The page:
10,000 Reasons Not to Get a Patent on Your Invention: What Patent Attorneys Don’t Want You to Know
So the reason is dollars, 10,000 dollars are the reason to not get a patent on your invention, at least right now. A patent can cost you $10,000. I think that it’s quite a gamble to pay for a patent before you know that the idea has a market and if the product is profitable.
Is your patent really solving someone’s problem?
Do people want it? Is there a problem that people have that needs solving.
Will people pay for it? You are competing with people living with the problem; the pain threshold is too low for them to pay. There are also competing solutions/products that meet the need. If you can do it better, faster, cheaper, then you have a chance.
I get e-mails from inventors who drain their life savings in pursuit of a product that has no market. A lot of times this is a prevention product. The invention prevents a problem. This is a harder sell. It’s like buying insurance, who really wants to pay for insurance. It not a real problem yet, it may be a problem later so right now it’s risk. Some people are willing to take the chance and live with the risk.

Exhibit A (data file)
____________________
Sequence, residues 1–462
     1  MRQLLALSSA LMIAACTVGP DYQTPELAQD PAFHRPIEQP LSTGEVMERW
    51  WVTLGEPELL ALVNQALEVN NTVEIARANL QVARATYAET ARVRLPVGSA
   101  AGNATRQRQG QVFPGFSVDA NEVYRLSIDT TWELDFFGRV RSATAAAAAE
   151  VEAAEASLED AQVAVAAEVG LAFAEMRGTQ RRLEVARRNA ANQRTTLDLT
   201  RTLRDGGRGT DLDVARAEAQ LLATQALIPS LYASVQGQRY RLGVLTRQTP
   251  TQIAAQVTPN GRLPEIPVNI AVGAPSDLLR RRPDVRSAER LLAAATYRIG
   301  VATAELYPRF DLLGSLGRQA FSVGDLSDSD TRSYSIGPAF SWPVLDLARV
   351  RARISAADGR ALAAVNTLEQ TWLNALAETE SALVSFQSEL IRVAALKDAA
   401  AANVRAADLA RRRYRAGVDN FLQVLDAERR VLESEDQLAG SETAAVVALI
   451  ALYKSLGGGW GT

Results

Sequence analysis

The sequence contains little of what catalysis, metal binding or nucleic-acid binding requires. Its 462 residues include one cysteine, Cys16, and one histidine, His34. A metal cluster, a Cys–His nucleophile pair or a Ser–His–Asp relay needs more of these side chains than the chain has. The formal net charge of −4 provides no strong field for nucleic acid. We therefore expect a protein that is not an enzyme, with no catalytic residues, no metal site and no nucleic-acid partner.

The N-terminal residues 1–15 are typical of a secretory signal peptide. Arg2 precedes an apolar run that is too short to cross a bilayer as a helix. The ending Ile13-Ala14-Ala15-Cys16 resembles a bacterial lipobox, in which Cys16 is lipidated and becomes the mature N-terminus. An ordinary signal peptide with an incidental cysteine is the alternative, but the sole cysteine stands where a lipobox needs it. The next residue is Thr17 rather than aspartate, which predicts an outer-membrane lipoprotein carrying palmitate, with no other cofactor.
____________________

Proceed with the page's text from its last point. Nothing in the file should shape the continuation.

Have you ever heard the statistic that only 2% of patents are a commercial success? This makes me think how commercial success is defined. The contributing factor to why patents don’t equal success is because inventions don’t equal innovation.
Patents do not Equal Innovation
Innovation is when the mass market adopts the product/invention/technology. The iPod was not the first portable MP3 player. It was an innovation because of great design, great user interface and iTunes. Being first is not always a completive advantage.
So what should you do if you think you have a patentable idea?
Find out if there really is a problem with enough pain for the consumer to pay for the solution. This means research.
Sometimes I will put together a sell sheet for a product I’m thinking about. I get the prospective companies to sign an NDA and I sent them the sell sheet. I find out rather quickly if the invention has legs or not.
This way you get feedback before you spend any money. Now if you have a process or invention that is proven and is demonstrable that solves a common problem (such a water purification system), you probably want to get a patent. If you are working on a new dog toy, probably not.
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